Common Dog Surgery Questions: Procedures, Anesthesia, Rehab & More
It's possible that your dog will need surgery at some point in their life. While the prospect of your beloved pooch getting operated on might seem scary, knowing the facts about dog surgery can help reduce your fear around this aspect of pet health care. Here are some of the most common questions that pet parents have regarding surgeries and their dogs:
What Are Common Surgeries in Dogs?
Surgery is an everyday occurrence in most veterinary hospitals, with some of the most common types being dental surgeries, spays and neuters. Whether or not a dog has to stay overnight at the hospital following surgery depends on the type of surgery they have and your dog's overall health.
Common Outpatient Dog Surgeries
These are some of the most common surgeries in dogs that usually allow them to go home the same day:
- Skin mass removal
- Wound repair
- Dental work
- Spaying and neutering
- Eye surgery
Surgeries That Might Require an Overnight Stay
Depending on the situation, your dog could be able to go home the same day of these procedures or might need to stay at the hospital or clinic for one or more days:
- Ear surgery
- Knee surgery
- Fracture repair surgery
- Limb amputation
Surgeries That Usually Require an Overnight Stay
Typically, these procedures require your dog to stay overnight:
- Abdominal surgery
- Nose or throat surgery
- Spinal or brain surgery
- Heart or lung surgery
- Anal gland abscess repair or anal sacculectomy surgery
Who Performs Dog Surgery?
All veterinarians are licensed to perform surgery and many are excellent surgeons. The types of surgery your vet performs will depend on their experience, comfort level and the equipment they have at their disposal.
Your dog might require a particular surgery that your vet isn't trained to perform or isn't comfortable performing. If your pet needs a complex or difficult surgery, your vet may refer you to a board-certified veterinary surgeon. Some surgical procedures, such as a tibial plateau leveling osteotomy, can only be done by surgeons who are specifically trained and licensed to perform that surgery. For a list of other surgeries performed by board-certified veterinary surgeons check out this resource from the American College of Veterinary Surgeons.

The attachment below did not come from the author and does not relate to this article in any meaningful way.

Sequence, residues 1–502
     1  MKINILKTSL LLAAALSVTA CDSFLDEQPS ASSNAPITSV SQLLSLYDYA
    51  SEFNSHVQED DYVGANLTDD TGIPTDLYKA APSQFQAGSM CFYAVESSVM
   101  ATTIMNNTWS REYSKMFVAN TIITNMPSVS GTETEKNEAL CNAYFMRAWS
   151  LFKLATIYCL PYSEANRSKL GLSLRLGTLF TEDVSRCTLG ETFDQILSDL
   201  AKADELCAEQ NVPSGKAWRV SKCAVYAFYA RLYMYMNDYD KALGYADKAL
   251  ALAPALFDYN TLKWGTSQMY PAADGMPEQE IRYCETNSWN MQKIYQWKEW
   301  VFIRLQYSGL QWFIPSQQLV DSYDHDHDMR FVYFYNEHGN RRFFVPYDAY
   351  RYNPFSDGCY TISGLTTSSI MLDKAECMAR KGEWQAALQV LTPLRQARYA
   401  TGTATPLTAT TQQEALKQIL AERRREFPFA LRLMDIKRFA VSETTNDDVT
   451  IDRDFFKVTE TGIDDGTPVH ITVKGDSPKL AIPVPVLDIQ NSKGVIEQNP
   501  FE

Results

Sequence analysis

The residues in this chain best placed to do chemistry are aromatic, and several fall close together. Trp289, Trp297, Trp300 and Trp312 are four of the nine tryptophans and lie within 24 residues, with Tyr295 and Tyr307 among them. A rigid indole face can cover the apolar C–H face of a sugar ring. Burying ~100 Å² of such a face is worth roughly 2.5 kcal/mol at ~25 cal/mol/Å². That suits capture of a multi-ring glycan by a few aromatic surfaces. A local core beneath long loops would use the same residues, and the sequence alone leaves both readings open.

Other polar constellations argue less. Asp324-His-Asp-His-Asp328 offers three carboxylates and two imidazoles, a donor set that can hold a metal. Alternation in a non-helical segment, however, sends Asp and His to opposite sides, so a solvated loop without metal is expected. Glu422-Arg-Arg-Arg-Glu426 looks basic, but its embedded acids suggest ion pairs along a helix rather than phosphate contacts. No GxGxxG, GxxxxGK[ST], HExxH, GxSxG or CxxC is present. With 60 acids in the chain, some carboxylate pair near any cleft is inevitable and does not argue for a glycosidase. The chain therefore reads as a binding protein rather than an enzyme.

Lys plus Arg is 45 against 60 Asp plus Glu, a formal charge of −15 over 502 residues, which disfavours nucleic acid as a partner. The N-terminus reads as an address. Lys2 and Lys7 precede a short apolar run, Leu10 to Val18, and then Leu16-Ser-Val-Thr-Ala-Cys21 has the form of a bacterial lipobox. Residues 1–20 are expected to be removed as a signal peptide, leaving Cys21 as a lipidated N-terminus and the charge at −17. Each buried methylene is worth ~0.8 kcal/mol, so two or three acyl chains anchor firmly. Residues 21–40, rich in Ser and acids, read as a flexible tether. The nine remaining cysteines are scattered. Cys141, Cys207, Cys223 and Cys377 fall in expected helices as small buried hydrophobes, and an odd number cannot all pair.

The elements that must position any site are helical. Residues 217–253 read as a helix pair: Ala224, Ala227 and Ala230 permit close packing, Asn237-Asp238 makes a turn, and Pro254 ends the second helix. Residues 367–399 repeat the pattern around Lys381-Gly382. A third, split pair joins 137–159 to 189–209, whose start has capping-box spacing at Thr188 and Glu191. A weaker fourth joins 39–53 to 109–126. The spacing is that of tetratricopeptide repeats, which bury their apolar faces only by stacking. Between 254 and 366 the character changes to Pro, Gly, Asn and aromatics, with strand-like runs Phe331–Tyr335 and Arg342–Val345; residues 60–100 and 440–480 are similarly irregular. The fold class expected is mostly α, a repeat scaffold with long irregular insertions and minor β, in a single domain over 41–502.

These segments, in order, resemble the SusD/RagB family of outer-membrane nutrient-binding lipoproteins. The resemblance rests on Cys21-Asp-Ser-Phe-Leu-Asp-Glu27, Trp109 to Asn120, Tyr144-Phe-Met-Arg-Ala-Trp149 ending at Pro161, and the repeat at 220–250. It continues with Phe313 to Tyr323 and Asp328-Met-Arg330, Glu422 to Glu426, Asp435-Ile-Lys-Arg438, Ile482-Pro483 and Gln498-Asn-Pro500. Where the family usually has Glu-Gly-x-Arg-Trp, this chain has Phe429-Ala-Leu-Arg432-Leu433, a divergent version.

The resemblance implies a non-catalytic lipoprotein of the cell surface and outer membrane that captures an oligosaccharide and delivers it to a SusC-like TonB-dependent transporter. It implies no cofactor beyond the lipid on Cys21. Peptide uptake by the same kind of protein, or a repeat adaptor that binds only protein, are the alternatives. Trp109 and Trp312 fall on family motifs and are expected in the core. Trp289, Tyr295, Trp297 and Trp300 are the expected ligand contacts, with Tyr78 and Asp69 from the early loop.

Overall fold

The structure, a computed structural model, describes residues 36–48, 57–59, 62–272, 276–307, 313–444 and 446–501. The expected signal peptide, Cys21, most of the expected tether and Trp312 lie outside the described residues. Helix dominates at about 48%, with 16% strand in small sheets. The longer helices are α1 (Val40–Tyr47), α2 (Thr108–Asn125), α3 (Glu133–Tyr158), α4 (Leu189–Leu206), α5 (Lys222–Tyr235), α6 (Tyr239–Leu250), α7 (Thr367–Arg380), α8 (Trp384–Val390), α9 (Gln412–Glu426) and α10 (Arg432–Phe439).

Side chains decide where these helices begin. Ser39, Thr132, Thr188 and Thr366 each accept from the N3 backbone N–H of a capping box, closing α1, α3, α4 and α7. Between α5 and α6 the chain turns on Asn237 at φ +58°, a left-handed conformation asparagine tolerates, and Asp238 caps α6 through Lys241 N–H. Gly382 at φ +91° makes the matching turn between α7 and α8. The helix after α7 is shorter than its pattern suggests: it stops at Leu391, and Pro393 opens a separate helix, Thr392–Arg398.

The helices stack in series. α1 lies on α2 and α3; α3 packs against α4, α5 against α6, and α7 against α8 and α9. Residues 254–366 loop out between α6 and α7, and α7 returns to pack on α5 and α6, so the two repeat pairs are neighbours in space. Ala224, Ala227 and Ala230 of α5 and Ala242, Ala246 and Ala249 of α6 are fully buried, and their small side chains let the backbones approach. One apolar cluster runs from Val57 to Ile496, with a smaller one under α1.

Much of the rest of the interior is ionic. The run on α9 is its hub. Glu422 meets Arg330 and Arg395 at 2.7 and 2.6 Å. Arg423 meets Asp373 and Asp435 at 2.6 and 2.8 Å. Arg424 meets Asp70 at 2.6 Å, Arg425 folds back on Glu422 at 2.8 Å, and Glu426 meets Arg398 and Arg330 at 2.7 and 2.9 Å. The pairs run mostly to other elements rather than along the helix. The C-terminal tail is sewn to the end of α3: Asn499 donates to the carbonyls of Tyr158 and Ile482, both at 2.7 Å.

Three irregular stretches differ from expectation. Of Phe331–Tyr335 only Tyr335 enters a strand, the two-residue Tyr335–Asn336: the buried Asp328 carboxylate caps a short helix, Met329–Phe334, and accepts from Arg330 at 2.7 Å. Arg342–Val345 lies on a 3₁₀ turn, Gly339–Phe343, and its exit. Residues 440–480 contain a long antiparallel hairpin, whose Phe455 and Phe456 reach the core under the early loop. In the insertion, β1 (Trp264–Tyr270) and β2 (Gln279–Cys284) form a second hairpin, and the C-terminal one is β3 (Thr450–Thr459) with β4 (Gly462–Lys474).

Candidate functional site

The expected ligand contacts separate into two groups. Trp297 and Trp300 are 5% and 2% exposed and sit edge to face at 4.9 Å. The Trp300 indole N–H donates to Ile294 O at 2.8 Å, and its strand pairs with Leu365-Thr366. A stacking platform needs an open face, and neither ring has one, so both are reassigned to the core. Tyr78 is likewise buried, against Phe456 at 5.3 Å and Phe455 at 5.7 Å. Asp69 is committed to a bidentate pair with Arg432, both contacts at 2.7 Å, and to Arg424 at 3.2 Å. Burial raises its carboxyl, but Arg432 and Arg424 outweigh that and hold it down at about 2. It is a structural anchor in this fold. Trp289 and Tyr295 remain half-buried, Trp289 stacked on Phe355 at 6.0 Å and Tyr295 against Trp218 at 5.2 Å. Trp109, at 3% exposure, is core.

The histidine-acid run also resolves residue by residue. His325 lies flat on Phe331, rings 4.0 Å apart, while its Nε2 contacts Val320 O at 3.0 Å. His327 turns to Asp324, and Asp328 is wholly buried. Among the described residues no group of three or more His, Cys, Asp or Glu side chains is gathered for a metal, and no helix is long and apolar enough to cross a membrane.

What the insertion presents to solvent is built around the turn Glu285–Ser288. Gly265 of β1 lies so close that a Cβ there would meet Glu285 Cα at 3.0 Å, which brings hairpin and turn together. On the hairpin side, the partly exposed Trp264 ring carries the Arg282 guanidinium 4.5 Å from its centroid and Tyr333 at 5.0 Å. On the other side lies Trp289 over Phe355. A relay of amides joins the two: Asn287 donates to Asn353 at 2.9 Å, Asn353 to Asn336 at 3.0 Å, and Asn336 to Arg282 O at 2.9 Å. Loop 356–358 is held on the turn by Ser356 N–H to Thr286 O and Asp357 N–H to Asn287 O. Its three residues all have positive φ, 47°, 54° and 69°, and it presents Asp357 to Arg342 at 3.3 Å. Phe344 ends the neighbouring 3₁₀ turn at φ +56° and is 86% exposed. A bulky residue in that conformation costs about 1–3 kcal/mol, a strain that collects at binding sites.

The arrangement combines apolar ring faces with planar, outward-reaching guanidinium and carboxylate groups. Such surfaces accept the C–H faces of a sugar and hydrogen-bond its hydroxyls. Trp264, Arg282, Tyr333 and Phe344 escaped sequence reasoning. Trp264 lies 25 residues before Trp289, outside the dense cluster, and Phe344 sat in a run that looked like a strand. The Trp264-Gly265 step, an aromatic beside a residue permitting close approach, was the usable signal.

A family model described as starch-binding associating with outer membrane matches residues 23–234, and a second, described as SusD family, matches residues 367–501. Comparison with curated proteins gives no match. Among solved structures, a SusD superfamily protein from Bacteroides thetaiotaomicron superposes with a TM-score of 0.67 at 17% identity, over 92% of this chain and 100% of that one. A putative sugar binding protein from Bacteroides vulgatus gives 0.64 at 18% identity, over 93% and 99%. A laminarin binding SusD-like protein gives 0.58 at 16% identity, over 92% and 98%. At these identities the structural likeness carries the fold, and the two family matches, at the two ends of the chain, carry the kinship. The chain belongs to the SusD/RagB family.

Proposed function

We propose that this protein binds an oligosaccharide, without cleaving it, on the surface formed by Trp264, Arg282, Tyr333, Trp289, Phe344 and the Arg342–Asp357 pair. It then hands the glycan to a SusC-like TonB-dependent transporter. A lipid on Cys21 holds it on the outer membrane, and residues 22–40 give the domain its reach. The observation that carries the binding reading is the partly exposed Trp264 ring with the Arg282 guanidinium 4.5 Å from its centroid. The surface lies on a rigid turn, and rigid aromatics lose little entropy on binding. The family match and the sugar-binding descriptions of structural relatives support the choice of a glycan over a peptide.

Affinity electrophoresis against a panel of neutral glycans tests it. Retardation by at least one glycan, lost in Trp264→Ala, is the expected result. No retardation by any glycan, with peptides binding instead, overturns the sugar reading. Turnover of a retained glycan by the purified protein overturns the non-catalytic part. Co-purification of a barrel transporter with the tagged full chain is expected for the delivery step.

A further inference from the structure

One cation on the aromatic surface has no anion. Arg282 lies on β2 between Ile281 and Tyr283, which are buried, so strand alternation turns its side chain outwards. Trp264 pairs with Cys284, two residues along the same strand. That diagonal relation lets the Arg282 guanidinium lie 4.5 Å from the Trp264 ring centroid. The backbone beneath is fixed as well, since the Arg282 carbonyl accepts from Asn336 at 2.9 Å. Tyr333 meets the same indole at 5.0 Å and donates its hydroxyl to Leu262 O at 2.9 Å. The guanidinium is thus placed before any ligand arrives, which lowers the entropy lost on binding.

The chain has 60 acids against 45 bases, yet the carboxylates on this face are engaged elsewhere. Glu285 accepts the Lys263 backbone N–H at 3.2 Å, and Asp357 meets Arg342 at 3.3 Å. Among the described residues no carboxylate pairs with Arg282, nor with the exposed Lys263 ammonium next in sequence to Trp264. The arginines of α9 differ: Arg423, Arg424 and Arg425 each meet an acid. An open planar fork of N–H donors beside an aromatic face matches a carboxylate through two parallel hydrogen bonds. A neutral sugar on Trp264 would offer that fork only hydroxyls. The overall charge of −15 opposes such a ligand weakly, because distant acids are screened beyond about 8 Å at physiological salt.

What Type of Anesthesia Is Used for Dog Surgery?
The kind of anesthesia your dog will receive depends on the type of surgery and the vet's preference. Minor surgeries can be performed under injectable sedation. Most other surgeries use a combination of gas anesthesia, injectable anesthetic drugs and local nerve blocks with lidocaine or bupivacaine. Surgeons performing certain procedures, such as surgery of the spine, hip or urinary system, may also use a spinal or epidural block, which blocks pain from specific areas of the body.
What Is the Typical Recovery Time After Dog Surgery?
Your dog's recovery time will depend on their overall health, age and the type of surgery they receive. It may only take a day or two for a dog to recover from a minor surgery, such as a mass removal, neuter, dental surgery or eye surgery. It can take days to weeks to recover if your dog is already sick or if they undergo a more invasive surgery.
It generally takes dogs the longest to recover from orthopedic and spinal surgeries because bone and nerve cells take longer to repair themselves. In the case of hip or knee surgery, total recovery and return to normal function can take six to eight months.